People who use drugs have also reported high levels of violence from police and prison authorities across Eurasia. The situation of women who use drugs is particularly concerning in Russia, Ukraine and Georgia, as they experience systematic and widespread violence, harassment, extortion, and sexual abuse at the hands of law enforcement officers. They are not only denied their right to healthcare, but are often forced into drug treatment centres where they are subject to physical and psychological abuse (Read more).
Health programmes have suffered as a consequence of the law-enforcement focus of Eurasia’s policy makers. The region has experienced a 250 per cent increase in HIV cases over the past 10 years. NSPs and OST programmes are, at best, reaching an estimated 10 per cent and 3 per cent (respectively) of people who use drugs (The war against people who inject drugs: The cost). The high number of people who inject drugs and lack of appropriate health services directed at them has had such a profound impact on HIV in the region. Since 2006 the majority of new HIV cases were attributable to injecting drug use. Ukraine has 296,000 PWIDs, and adult HIV prevalence among this group is over 21 per cent. In Estonia, the prevalence is over 54 per cent. In Russia, more than 37 per cent of people who inject drugs are living with HIV; the latest official figures state that approximately 200 new cases are recorded each day. Meanwhile, the UN estimates that one in 100 people are living with HIV, which translates into more than one million people (Read more).
Information is limited about hepatitis C prevalence in the region. However, data drawn from the work of the UN reference group indicate a relatively high prevalence among people who inject drugs. Drug-related deaths are generally high across the region. These are predominantly linked to opioid overdose and lack of medication to prevent them.
Harm reduction measures have increasingly become available in some countries from the region, although needle and syringe exchange programs (NSPs) coverage remains low, many opioid substitution therapy (OST) programs are still at a pilot stage and there are often strict intake criteria attached to accessing them. For instance, Bulgaria, the Czech Republic, Lithuania and Poland, among other Eurasian countries, have imposed an age limit of 18 to access harm reduction services. (Opioid substitution therapy in Eurasia: How to increase the access and improve the quality).
Those harm reduction services that exist in Eurasia generally struggle to meet the demand, and are rarely in line with human rights principles (Global State of Harm Reduction. 2012) and the World Health Organisation (WHO) recommendations on access to essential medicines such as methadone and buprenorphine.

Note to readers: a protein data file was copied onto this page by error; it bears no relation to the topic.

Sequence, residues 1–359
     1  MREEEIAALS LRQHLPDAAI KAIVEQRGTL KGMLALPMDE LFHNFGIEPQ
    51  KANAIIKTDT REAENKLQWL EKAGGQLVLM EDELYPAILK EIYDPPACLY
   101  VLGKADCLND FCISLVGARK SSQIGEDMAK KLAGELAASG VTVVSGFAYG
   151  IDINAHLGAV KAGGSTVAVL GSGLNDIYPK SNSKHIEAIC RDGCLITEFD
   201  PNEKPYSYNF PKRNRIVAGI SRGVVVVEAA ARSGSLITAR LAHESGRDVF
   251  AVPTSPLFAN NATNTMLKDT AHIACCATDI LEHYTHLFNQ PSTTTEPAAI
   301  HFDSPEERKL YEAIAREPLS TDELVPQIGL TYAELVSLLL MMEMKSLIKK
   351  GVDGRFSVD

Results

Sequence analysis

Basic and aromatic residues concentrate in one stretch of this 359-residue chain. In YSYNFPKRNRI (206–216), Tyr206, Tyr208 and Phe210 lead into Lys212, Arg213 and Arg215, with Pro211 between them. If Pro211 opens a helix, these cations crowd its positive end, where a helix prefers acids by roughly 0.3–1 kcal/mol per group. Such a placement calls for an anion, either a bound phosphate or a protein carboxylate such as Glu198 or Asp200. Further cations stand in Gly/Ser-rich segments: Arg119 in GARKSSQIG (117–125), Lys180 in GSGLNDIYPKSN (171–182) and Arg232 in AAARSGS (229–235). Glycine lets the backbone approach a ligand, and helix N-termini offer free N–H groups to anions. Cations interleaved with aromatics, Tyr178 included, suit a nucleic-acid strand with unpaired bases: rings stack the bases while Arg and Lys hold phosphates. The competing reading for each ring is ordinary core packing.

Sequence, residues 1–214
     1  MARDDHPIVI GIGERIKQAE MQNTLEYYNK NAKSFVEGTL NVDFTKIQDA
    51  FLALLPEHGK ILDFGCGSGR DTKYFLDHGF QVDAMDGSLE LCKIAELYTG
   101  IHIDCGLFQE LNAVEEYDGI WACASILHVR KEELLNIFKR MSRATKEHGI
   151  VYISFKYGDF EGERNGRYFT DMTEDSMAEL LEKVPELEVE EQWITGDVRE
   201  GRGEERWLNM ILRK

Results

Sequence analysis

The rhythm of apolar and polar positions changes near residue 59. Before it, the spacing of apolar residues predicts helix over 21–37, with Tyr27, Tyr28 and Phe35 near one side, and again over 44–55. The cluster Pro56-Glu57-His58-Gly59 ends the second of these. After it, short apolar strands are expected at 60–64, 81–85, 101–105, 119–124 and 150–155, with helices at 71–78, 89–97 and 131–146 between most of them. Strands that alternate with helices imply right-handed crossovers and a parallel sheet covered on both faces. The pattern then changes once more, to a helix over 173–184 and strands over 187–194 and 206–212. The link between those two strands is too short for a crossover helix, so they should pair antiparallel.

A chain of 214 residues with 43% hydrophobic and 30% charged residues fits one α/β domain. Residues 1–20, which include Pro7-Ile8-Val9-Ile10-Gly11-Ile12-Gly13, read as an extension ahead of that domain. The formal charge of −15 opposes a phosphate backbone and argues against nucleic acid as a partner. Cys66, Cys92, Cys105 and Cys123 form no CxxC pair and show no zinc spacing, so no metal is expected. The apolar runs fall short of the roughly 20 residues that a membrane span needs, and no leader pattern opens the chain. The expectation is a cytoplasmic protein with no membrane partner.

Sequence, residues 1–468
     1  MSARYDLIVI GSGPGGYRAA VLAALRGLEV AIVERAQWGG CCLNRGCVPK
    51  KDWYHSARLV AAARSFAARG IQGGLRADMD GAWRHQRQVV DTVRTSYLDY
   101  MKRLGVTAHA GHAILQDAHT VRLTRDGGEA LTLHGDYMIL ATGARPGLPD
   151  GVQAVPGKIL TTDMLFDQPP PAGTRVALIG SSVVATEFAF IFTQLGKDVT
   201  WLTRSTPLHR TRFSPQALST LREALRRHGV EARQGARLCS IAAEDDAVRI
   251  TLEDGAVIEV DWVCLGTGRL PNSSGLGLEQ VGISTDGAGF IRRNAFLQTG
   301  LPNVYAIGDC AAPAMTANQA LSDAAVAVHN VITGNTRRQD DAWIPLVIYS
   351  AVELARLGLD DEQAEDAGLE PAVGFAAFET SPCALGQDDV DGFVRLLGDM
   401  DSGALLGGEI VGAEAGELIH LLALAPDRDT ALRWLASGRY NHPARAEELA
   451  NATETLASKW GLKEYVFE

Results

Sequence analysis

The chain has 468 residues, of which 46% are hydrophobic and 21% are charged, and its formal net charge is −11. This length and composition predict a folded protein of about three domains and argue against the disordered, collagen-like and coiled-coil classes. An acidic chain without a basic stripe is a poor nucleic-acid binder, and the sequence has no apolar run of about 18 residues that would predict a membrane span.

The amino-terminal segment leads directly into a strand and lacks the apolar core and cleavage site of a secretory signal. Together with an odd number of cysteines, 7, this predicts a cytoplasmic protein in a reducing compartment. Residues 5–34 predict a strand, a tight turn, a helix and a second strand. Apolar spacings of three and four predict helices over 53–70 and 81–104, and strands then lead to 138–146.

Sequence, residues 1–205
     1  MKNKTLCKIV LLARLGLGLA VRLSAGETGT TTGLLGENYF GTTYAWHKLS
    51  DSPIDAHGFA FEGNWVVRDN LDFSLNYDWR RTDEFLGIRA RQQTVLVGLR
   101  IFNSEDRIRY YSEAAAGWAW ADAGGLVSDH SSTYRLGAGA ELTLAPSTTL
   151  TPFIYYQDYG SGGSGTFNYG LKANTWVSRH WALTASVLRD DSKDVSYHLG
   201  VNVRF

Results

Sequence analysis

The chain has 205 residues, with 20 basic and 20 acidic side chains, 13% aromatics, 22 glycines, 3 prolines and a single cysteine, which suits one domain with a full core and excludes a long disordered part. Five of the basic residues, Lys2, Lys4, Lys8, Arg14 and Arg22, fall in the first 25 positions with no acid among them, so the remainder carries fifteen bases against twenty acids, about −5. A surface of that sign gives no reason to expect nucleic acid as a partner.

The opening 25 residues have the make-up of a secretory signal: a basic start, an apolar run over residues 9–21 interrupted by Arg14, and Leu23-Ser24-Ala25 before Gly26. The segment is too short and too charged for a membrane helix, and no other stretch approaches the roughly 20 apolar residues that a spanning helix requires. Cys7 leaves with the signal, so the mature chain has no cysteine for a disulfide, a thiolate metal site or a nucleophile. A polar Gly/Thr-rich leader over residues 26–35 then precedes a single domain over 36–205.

Policy change in this domain is further complicated by the Russian Federation’s position on harm reduction and its influence in neighbouring countries. In recent years, and despite global evidence on the effectiveness of harm reduction to reduce drug-related health harms, the Russian Federation has positioned itself as being against OST and other harm reduction programmes, and proclaimed a ‘total war on drugs’. The country is in the process of adopting new drug laws, which would further criminalise people who use drugs who would face a choice between compulsory treatment and prison.
Despite this political resistance to change, a few Eurasian countries have led the way in developing more health and human rights based drug policies. This is the case, for example, in Kyrgyzstan. At the end of the 1990s, the Kyrgyz government acknowledged the extensive negative consequences of its repressive approach towards drug users and decided to decriminalise the possession of small amounts of drugs for personal use. This policy was accompanied by training sessions on harm reduction for all law enforcement staff, enabling them to react more positively towards drug use and related harms. Although the Kyrgyz government has drawn criticism due to the existence of shortcomings in some of its policies, this represents a positive step towards better drug policies. Another noteworthy example is that of Ukraine, which has recently developed a comprehensive package of harm reduction services to respond to the extremely high level of HIV infections among people who inject drugs. However, the complexity of the political context in Ukraine raises continuing problems in the practical delivery of the harm reduction services the state has introduced. Possession of used syringes remains a criminal offence, rendering it highly problematic for clients and service providers to utilise and operate NSPs. Similar legal conflicts surround the provision of OST, with staff at OST facilities risking arrest and prosecution, and clients in substitution therapy liable to lose access to the medication if they commit a minor administrative offence such a crossing the road against a red traffic light (Read more).
For more information regarding drug policy in Eurasia, please click here.
For a full list of IDPC members in Eurasia, please click here:
- Challenges to implementing OST in Ukrainian prisons: Personnel attitudes toward addiction, treatment, and people with HIV/AIDS
- Low-THC cannabis products in Europe
- Opioid maintenance in European Prisions: Is the treatment gap closing?
- Needle and syringe types used by people who inject drugs in Eastern Europe and Central Asia: Key findings from a rapid situation assessment
- Legal topic overviews: Classification of controlled drugs